NEW YORK • Barbie, the world's most famous doll, has a new body. In fact, she has three new bodies - petite, tall and curvy.
About 57 years after the impossibly busty and narrow-waisted blue-eyed Barbie doll was first introduced, California-based toy maker Mattel on Thursday released the new models, which it says better reflect a changing world.
Parents and feminists have long criticised Barbie's original shape as setting an unrealistic body image for girls, despite modifications over the years.
The new dolls have seven skin tones, 22 eye colours, 24 hairstyles and new clothes and accessories. They are available for order online at shop.mattel.com and are expected to reach major retailers in March.
The move follows years of decline for Barbie, which accounts for about US$1 billion (S$1.4 billion) in annual revenue. Facing competition from other brands such as Frozen and girl-oriented toys such as the Lego Friends line, Barbie sales tumbled 14 per cent in the most recently reported quarter.
"These new dolls represent a line that is more reflective of the world girls see around them - the variety in body type, skin tones and style allows girls to find a doll that speaks to them," said Ms Evelyn Mazzocco, senior-vice- president and global general manager of the Barbie brand.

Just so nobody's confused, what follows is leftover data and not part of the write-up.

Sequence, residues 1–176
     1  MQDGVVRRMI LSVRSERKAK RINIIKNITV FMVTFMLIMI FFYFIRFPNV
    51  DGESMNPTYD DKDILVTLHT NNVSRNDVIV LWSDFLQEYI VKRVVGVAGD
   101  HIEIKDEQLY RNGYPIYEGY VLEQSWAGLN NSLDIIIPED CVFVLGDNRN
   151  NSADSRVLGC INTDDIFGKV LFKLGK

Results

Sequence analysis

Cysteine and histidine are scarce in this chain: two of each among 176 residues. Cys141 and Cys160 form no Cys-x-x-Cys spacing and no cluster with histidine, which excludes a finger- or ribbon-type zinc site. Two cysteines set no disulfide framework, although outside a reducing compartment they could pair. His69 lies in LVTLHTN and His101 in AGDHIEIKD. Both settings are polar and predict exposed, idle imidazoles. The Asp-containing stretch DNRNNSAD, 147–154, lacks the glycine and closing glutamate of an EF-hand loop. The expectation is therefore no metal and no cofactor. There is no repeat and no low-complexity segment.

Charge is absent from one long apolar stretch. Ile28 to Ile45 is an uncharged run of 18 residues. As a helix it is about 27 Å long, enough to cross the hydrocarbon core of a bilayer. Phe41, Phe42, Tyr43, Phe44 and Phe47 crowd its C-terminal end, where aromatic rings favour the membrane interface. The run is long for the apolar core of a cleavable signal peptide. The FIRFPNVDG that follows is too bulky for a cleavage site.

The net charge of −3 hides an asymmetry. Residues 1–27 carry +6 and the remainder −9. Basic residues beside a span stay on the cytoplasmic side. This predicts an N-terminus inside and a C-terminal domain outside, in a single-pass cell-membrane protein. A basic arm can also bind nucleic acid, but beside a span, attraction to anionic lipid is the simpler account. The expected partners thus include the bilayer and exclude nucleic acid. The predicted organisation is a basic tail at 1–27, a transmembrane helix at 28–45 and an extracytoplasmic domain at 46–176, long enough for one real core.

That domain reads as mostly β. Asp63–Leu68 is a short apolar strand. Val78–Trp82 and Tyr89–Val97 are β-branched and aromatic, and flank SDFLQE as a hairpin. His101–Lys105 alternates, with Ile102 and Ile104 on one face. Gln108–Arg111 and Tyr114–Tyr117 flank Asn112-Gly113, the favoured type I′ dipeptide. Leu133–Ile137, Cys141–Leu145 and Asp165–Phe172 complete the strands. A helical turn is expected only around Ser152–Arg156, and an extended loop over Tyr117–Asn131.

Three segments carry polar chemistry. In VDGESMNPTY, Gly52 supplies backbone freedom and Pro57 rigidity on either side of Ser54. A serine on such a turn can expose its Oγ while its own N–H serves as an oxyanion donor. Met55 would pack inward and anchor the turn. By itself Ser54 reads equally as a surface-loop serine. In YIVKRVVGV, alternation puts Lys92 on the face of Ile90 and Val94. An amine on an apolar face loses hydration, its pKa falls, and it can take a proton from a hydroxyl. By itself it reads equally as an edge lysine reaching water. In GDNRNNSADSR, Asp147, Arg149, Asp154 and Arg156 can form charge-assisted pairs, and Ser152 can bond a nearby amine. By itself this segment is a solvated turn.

"We believe we have a responsibility to girls and parents to reflect a broader view of beauty."
The new curvy Barbie has a bigger bust, posterior, thicker thighs and a protruding tummy. She landed on the cover of Time magazine on Thursday with the headline "Now can we stop talking about my body?" and was a trending topic on Twitter.
The classic Barbie doll, launched in 1959 as a doe-eyed teen in a zebra-striped swimsuit, will remain part of the Mattel line. In 1963, she came with a book entitled How to Lose Weight, with instructions to not eat.
On her way to becoming a global pop culture icon, Barbie has tried out more than 180 careers, ranging from teacher to astronaut and United States president. African-American Barbies and other ethnic versions were introduced starting in the late 1960s.
REUTERS, NEW YORK TIMES, BLOOMBERG, GUARDIAN